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So. Here’s a story for y’all.
Every year my mom makes me voluteer at Columbia Elementary. I don’t know why; I guess it’s supposed to keep me from my home so I can get my homework done elsewhere. Last year I spent an hour and a half every Tuesdays and Thursdays at Columbia. The first half hour I sat in the library and cut out laminated book covers for the librarians, among other things, such as shelving books. Then I went over to a different classroom and helped kids with their reading. The kids were playful and everything, and sometimes it got really out of hand, but it was all good.
Anyway, this year I went back and asked the front desk if there were any classrooms that needed volunteers. They told me that they would call me a few days later, which they never did. So I went back again and they told me that Lifeskills I needed volunteers. For those of you who don’t know, Lifeskills I is where they put the kids that struggle the most with living their life. The first thing I thought was, “no…” I really did not want to hang around “mentally retarded challeneged kids” as I quote myself, and I felt that I was lowering myself down to their level.
That was in January. Now that it’s March, my conception on them has changed so much. So much. I really adore those kids. They’re always on my mind now when I’m not there. But I have learned so much while I was there.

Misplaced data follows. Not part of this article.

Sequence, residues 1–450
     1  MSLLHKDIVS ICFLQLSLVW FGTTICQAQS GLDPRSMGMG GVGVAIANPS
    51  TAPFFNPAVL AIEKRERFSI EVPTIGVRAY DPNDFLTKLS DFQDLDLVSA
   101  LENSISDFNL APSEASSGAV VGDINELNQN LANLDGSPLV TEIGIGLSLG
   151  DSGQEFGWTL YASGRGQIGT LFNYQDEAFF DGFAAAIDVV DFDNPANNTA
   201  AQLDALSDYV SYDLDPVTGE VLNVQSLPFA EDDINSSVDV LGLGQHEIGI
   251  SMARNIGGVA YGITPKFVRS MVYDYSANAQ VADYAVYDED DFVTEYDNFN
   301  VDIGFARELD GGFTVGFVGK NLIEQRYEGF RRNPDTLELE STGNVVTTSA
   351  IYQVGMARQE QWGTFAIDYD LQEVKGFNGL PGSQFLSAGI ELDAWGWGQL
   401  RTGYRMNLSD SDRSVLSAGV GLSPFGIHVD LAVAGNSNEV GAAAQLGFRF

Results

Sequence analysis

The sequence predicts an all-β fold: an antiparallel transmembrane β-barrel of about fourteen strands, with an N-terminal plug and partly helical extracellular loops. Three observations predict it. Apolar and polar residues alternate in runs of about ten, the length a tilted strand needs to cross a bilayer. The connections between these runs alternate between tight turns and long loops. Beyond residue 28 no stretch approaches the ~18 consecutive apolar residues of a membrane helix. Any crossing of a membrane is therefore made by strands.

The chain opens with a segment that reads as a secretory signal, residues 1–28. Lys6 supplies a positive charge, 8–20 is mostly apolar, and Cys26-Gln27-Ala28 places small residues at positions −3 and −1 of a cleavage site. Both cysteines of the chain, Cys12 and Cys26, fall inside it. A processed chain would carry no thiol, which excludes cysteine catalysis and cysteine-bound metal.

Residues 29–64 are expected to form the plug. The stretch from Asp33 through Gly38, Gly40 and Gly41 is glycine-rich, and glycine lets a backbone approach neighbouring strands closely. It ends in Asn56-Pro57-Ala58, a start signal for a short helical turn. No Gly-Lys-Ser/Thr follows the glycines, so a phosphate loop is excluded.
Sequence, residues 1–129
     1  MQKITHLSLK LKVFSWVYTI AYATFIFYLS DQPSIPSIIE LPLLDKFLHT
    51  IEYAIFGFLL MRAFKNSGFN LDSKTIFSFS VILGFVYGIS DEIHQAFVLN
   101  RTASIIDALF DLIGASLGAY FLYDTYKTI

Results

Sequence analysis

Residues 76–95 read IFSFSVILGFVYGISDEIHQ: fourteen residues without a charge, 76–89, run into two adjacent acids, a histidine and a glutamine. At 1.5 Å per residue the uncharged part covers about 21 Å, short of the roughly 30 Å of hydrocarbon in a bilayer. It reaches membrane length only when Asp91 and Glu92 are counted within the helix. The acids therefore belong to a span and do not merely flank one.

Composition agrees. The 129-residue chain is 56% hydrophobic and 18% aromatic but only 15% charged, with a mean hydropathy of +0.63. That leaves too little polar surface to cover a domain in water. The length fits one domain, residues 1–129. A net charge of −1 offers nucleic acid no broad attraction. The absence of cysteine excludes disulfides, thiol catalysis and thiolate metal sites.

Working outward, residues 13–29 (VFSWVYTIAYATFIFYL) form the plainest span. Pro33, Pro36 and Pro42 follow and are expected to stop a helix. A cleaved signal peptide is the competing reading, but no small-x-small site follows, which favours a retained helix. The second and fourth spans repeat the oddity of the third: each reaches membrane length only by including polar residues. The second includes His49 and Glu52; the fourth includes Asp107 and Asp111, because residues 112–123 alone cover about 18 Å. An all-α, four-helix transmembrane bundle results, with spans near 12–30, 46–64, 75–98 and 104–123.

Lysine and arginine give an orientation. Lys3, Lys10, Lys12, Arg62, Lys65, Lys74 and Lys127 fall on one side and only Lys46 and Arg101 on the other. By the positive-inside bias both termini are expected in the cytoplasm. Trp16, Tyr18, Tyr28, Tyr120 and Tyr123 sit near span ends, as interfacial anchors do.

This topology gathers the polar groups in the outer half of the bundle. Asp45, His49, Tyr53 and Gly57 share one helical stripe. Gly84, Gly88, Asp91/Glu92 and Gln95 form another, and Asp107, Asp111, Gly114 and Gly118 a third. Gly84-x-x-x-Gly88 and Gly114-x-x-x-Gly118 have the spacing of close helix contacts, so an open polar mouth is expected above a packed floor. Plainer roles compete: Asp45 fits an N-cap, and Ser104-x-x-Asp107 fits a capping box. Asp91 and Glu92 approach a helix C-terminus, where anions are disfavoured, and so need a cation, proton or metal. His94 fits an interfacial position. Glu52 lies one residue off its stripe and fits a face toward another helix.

One of the things I learned that children with mental illnesses have such good behavior. There’s no screaming, no running around, no not listening…well, there is, but it’s so subtle. There’s no talking back, and most of all, there’s no discrimination. I think this is one of the most important things. If you look around on the playgrounds of elementary schools, you’ll probably find that usually people who are alone or are getting picked on are different in some way; either physically or religiously or however else they may be different. There is one Asian kid in the class, named Ian, a kid whose nationality I can’t figure out (he looks like the way I did when I was younger) named Jason (weird, huh?) a Mexican (I think) named Alex, two hispanics named Mennan and James, and a bunch of white kids named Jorden, Kate, and Emily. Oh boy, I think I’m missing one. Nope, that’s it. Anyway, you can see the racial difference in that one classroom. And yet, none of them point it out. Sure, you can say something like, “It’s because they don’t have them mental capability to point it out.” That’s right. That’s because since their minds are developing more slowly than their bodies are, they have the minds of little children. Watch little children play with each other. There is no discrimination amongst them.
There is another thing about them. While some of them only have mental problems, others have physical problems as well. For example, Jorden is apparently unable to eat through his stomach. When he laughs it sounds like there is a whole lot of mucus in his throat and he can’t talk or anything. And he drools a lot because he can’t swallow his spit. I stayed a few minutes after school one day and I saw one of the teachers going over to him and lifting up his shirt. There was a little valve thing, the kind that you would find on inflatable toys like inner tubes. She opened up the valve and stuck a pipe in it, and put a graduated cylinder thingy with an opening at the end, connected to the pipe which went into the valve. She measured out water from a bottle and poured it in there. It went in there pretty quickly, and all the time I was wondering, “….what???” And kinda was like, O_O????
Oh well. I think I’d rather have a mentally challenged kid than a regular kid. It probably wouldn’t be a good thing, and upkeep would probably be high, but they’re sure as hell a lot better behaving kids. Unless it was Joseph.